Longpond is known for its high ester count of its rums and that over-the-top funky flavour profile, so what I tasted, tamed as it was by the relatively unassertive proof point, came as no surprise and was a pleasant reminder of how very well properly-made, lovingly-aged Jamaican rums can be. This standard proof rum was issued for the general market with 384 bottles and as far as I know there’s no cask strength or “Danish market” edition floating around.  But that’s not really a problem, since that makes it something everyone can appreciate, not just the A-types who cut cask strength rums with cask strength whisky.  Whatever you preference in these matters, the CdI Longpond 12 remains a tasty, low key Jamaican that isn’t trying to rip your face off and pour fire down you throat, just present the estery, funky Jamaican rum in its best light…which this it does with delicacy, finesse, and no problems at all.  It’s a really good twelve year old rum.

(85/100)


Other notes

 

Dec 312017
 

Although I always have controls on hand when writing a review, it’s not always clear in my writing how they all relate to each other, since the individual essay speaks to just a single rum.  However, I’m a firm believer in doing flights of multiple rums, whether horizontally (several rums of similar age or provenance), or vertically (where a single maker’s entire range is evaluated up and down the age or strength scale).  Such exercises are useful in that they permit similarities and differences to snap more clearly into focus, and perhaps some interesting judgements can be made on that basis.

Some time back when I was out in the real world, I spent some time doing a white rum run-through (this led to one of my favourite lists, the 21 Great Whites), a Jamaican flight (still to be written up) and this one of nine rums from Barbados.  The selections were not standard-strength or more commercially available rums like St. Nicholas Abbey, Mount Gay, Doorly’s or Fousquare, but mostly independents and limited releases: since such caskers possess attributes of strength and individuality which I felt to be incompatible with larger-volume blends existing in their own space and time; and they appeal to a different grouping of rum lovers than the specific rums tried here.  This may reduce its usefulness to some (aside from the fact that I could have made the list much longer), but certainly some limited conclusions could be drawn from the exercise nevertheless.  I’ve dispensed with my notes, thoughts and observations on each rum (that was not the purpose of the session) but the full length essay on each is linked where available, and will provide any additional background information these quick tasting notes don’t have.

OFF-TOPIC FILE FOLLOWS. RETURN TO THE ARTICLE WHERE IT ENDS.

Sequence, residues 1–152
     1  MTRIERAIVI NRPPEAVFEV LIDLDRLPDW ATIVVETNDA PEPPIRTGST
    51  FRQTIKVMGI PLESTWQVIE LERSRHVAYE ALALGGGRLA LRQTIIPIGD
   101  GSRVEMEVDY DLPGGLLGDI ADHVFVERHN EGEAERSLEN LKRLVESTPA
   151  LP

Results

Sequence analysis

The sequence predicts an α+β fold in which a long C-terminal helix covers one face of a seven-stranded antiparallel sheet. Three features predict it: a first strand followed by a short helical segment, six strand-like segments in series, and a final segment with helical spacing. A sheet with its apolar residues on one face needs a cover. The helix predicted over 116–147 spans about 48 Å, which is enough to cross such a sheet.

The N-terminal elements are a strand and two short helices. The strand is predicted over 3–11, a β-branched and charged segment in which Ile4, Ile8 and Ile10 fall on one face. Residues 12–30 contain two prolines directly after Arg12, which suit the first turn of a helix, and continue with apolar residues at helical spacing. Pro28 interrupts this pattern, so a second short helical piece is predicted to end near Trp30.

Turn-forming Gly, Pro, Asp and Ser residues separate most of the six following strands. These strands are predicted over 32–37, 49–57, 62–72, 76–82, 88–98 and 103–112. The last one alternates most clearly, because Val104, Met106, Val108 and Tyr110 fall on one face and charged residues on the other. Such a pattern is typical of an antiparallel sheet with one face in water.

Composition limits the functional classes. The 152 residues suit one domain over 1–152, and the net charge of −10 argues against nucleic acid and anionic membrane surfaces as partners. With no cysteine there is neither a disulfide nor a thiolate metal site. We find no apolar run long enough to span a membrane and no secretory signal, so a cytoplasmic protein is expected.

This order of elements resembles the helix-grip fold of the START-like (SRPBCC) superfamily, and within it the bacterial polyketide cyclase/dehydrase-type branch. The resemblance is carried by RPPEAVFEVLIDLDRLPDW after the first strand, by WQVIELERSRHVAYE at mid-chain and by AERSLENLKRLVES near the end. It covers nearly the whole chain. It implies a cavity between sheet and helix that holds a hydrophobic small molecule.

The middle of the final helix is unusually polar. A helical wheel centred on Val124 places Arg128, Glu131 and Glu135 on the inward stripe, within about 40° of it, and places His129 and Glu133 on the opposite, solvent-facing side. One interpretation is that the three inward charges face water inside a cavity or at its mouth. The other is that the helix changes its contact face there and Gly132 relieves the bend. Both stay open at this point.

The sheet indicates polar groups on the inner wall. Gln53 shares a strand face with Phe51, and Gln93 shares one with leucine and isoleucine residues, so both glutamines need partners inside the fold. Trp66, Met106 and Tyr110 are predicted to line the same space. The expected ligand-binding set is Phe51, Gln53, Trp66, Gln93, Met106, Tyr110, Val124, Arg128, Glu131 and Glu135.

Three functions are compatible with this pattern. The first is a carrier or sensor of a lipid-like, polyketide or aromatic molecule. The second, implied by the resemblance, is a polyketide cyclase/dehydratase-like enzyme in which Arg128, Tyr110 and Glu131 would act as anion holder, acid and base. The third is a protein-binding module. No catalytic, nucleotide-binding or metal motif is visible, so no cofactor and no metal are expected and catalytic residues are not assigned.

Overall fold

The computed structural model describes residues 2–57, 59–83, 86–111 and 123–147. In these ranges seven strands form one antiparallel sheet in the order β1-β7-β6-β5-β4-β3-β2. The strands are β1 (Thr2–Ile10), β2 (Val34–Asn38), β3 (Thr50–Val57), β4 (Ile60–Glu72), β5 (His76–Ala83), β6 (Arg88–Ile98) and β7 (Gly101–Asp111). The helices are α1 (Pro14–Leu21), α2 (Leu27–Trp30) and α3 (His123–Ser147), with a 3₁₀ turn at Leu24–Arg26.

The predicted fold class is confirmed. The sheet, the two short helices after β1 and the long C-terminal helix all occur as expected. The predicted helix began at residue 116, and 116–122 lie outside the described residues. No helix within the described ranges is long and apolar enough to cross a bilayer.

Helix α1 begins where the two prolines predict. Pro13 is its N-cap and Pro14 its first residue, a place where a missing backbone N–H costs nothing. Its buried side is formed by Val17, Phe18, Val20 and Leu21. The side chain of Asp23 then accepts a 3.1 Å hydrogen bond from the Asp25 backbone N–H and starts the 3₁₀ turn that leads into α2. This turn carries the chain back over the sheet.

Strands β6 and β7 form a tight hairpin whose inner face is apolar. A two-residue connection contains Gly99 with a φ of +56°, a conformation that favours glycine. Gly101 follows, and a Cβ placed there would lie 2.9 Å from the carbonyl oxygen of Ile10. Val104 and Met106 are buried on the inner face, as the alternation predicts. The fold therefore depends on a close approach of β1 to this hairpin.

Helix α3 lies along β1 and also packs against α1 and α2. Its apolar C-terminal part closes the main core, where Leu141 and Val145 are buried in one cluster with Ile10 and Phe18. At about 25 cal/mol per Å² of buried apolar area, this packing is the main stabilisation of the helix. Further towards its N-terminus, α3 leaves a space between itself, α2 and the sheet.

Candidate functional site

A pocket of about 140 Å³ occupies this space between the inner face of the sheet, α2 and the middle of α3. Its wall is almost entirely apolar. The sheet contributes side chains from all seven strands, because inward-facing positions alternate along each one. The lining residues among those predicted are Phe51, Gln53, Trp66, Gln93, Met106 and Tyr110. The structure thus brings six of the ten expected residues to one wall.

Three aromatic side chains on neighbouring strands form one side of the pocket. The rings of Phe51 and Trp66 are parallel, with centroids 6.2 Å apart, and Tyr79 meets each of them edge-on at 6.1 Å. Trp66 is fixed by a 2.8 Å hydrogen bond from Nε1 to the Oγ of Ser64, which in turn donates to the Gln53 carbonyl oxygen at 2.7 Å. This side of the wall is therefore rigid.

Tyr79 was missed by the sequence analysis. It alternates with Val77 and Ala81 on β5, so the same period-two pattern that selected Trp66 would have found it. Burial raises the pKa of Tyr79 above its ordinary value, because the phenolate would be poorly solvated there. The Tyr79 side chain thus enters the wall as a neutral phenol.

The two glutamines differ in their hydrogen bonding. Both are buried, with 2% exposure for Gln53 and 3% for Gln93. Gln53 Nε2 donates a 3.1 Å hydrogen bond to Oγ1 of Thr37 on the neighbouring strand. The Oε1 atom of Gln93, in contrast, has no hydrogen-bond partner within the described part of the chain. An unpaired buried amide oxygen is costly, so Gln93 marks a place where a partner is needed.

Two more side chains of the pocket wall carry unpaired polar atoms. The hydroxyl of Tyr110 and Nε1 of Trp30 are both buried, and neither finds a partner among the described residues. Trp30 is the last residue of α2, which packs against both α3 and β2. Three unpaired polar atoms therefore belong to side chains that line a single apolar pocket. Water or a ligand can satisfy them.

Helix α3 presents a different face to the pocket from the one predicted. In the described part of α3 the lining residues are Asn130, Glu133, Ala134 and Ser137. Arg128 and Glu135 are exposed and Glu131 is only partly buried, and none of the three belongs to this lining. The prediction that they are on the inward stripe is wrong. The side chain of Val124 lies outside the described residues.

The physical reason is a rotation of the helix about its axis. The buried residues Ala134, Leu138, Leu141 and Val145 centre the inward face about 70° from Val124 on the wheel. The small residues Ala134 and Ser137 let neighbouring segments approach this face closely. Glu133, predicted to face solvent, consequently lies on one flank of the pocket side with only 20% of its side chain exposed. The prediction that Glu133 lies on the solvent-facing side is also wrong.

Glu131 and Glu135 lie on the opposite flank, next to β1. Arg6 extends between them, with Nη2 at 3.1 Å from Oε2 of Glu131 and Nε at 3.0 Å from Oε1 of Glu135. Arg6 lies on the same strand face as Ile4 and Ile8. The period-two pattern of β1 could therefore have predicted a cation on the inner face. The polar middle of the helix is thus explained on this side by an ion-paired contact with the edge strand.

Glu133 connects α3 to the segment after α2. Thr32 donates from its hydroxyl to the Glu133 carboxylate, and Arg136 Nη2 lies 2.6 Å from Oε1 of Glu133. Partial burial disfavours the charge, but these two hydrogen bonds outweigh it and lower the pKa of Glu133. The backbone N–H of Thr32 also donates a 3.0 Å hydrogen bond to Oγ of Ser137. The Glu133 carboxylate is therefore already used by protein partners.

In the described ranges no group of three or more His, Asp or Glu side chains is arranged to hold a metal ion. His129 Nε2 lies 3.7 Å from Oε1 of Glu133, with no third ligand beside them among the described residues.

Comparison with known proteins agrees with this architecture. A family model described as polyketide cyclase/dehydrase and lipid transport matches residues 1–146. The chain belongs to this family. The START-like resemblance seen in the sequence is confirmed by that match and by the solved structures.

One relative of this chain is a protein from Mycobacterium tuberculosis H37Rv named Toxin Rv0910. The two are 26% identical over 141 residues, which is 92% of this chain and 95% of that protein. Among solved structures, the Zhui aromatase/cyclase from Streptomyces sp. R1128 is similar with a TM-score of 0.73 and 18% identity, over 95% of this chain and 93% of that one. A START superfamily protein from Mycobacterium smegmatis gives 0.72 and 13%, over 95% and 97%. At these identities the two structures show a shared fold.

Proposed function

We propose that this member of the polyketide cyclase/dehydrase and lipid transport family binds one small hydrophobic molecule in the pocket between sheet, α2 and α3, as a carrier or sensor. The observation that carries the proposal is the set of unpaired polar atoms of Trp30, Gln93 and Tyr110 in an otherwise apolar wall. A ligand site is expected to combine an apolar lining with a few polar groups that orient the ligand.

So without further ado, here they are in my final post of 2017. Enjoy.


Cadenhead Mount Gay 2000-2008 8 YO BMMG 66.3%

Nose – Hot and fierce. Honey, flambeed bananas, nutmeg and peaches, salty caramel.  Gets a little sweeter over time, very distinctly so with water.

Palate – Sharp, hot. Bananas, caramel and burnt sugar, vanilla and nutmeg. Tart fruits are there but take a back seat to softer ones.  Water is almost required here since it allows the lighter fruity notes to emerge more distinctly

Finish – Not so impressive – dry and medium long, but for the intensity there’s surprisingly little going on here

(84.5/100)

Cadenhead Green Label 2000-2010 10YO Mount Gay 46%

Nose – Acetone, nail polish, quite light. Bananas are back, also nutmeg and peaches, a flirt of caramel, and in fact it is quite similar to the BMMG above.  It is pleasant and light, with honey and some salty caramel remaining as the backbone, interestingly melded with some ashes and charred wood, and some medicinal notes I didn’t care for.

Palate – Salt and sweet caramel, sweet soya.  Those hospital smells translated to the palate also, not successfully IMHO.  Green tea, some pears and light fruits, chocolate and the honey almost disappears. The easy strength works well here.

Finish – 46% betrays itself into a short, light fade, mostly florals, honey, caramel and a dash of citrus rind.